As medical branches have formed opinions about the presence of beta lactoglobulin as the major whey protein found in cow’s milk, it is also present in other mammalian species. This whey protein is widely distributed among mammals and is also found in the form of a small soluble protein both as monomers and dimers, the latter being more influential in ruminant kinds of milk. This bovine milk found in most mammals has been reviewed many times because of its structure, properties, and biological roles.
Unlike the other main whey protein called alpha lactoglobulin, no precise functions have been identified for beta lactoglobulin,but it can be brought forth that this protein binds to several hydrophobic molecules, suggesting its clear role in their transport. These molecules primarily exist as a food source. Due to its abundance and ease of purification, mostly several genetic variants have been probed, but the main ones in the cow are labeled as A and B. Subjected to a wide range of biophysical studies, this protein has been determined to be of direct interest to the food industries since its property can be advantageous or disadvantageous in various ways for dairy products and processing of milk solids.
It is a compactly folded globular protein and is mainly a dimer that is prone to pressure sensitivity. It is thought to transfer passive immunity to the newborn infant to regulate metabolism in the mammary gland. Some of the essential properties are –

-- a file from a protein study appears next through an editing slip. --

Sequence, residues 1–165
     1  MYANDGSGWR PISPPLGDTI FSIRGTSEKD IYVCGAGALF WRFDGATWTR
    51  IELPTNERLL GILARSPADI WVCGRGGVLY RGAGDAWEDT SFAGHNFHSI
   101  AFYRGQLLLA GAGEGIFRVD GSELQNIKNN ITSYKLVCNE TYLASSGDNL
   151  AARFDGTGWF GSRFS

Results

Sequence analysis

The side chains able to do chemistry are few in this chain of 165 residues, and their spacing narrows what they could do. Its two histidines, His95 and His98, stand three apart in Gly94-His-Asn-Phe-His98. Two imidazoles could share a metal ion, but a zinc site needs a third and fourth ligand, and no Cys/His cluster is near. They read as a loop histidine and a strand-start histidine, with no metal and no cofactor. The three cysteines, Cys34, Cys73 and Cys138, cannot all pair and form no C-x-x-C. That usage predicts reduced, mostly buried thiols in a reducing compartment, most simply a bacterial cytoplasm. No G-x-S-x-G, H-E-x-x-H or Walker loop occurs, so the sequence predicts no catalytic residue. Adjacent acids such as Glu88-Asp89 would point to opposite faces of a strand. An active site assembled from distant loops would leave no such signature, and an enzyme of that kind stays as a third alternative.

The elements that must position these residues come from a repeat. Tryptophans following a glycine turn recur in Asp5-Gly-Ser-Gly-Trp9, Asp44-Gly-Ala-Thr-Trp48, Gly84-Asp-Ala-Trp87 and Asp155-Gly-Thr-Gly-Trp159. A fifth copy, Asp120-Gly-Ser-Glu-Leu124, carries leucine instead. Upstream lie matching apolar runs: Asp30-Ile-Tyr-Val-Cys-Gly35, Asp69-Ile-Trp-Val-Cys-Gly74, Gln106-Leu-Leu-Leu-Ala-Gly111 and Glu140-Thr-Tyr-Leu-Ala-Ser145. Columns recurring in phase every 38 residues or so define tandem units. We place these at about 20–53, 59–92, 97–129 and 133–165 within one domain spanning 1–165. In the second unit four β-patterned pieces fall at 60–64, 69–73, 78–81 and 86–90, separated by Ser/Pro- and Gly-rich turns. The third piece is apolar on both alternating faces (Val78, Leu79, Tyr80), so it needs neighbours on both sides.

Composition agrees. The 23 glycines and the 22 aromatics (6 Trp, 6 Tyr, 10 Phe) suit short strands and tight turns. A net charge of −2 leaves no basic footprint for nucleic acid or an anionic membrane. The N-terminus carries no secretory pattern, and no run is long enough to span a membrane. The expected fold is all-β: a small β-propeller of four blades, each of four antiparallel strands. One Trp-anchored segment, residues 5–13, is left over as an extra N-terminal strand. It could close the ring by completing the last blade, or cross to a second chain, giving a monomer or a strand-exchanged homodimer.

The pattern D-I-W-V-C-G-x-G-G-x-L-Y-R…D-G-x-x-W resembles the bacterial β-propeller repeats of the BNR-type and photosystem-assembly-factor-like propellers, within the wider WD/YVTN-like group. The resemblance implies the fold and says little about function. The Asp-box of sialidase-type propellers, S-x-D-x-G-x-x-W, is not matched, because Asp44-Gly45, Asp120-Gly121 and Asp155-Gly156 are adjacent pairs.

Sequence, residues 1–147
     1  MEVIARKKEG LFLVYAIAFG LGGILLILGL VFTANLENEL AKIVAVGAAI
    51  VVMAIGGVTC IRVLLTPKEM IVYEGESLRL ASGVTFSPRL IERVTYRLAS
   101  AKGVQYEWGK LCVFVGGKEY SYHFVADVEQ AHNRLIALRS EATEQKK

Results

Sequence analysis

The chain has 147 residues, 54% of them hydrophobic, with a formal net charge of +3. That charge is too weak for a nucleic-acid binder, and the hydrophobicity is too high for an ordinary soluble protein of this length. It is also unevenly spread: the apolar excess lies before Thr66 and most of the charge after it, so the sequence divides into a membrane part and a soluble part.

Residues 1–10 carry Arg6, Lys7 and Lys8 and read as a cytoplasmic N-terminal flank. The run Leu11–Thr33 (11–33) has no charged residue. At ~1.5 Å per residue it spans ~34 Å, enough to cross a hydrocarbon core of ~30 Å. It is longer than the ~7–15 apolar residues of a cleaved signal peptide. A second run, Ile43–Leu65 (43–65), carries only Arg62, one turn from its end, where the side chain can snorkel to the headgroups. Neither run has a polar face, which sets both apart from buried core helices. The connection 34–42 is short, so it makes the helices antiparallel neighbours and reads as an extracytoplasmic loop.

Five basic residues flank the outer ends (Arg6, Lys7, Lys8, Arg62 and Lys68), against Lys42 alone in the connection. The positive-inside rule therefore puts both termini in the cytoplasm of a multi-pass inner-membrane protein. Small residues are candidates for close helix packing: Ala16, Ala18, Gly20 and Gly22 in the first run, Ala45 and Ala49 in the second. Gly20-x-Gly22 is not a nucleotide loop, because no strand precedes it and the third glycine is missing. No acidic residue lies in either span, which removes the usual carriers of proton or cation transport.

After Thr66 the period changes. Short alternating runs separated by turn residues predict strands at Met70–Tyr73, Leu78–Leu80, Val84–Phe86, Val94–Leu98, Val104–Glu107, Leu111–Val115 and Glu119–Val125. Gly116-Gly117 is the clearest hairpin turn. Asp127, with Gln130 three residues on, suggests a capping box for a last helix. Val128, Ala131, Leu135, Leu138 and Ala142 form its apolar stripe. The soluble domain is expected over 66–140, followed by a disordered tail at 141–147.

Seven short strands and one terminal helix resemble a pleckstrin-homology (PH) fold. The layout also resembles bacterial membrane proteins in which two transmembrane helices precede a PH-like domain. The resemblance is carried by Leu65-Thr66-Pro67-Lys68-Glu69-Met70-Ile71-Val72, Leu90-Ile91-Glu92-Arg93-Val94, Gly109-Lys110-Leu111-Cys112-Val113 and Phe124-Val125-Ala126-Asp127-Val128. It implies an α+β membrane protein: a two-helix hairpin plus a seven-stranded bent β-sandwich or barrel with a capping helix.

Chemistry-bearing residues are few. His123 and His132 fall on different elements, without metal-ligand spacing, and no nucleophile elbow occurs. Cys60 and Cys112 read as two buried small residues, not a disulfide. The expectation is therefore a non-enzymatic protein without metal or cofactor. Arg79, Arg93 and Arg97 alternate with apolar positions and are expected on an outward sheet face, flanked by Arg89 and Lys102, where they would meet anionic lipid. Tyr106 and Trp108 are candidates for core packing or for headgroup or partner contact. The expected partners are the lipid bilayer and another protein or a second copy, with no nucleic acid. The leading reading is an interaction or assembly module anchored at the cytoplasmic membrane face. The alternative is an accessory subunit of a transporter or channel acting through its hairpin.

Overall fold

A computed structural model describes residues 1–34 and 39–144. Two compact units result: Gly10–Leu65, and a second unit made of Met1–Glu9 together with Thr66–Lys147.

- Considered to be the important source of amino acids for neonates.
- Rich in cysteine, which is a crucial BCAA and is thought to be suitable for fuelling muscle growth and structure.
- It binds to small hydrophobic compounds such as vitamin D, retinol, fatty acids, cholesterol, etc. and can be employed as a carrier of these molecules.
- With heat destabilization, it is one of the major proteins responsible for gel-forming characteristics of isolate and concentrates whey protein compounds.
It is also important to consider that beta lactoglobulin can be isolated by several techniques. But only some limited commercial suppliers allow its use as a specific food ingredient. What’s is found at present is that this protein can able to initiate allergy in cow’s milk when being devoid of iron. Scientists have investigated the solution that when it is loaded with iron, the matter gets harmless.
Milk allergy is frequently substituted for lactose intolerance. But with proper consumption and dosages, this protein helps to control incorrect diets, malnutrition, food poisoning, and other health conditions like alpha-lactalbumin supplement. As the PH level lowers, the protein becomes more acidic and further away from its ideal conditions.
Some of the allergic problems that this protein can bring in children is that due to its heat-sensitive nature, and that is why they can only tolerate products containing milk that has been cooked or baked.